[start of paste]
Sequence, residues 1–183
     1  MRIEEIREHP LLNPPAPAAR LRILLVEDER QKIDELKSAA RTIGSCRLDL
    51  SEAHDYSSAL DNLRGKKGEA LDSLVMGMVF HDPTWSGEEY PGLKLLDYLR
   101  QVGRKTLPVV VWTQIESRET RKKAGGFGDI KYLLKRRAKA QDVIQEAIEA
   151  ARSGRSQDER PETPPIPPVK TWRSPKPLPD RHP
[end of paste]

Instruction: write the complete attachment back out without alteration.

Sequence, residues 1–183
     1  MRIEEIREHP LLNPPAPAAR LRILLVEDER QKIDELKSAA RTIGSCRLDL
    51  SEAHDYSSAL DNLRGKKGEA LDSLVMGMVF HDPTWSGEEY PGLKLLDYLR
   101  QVGRKTLPVV VWTQIESRET RKKAGGFGDI KYLLKRRAKA QDVIQEAIEA
   151  ARSGRSQDER PETPPIPPVK TWRSPKPLPD RHP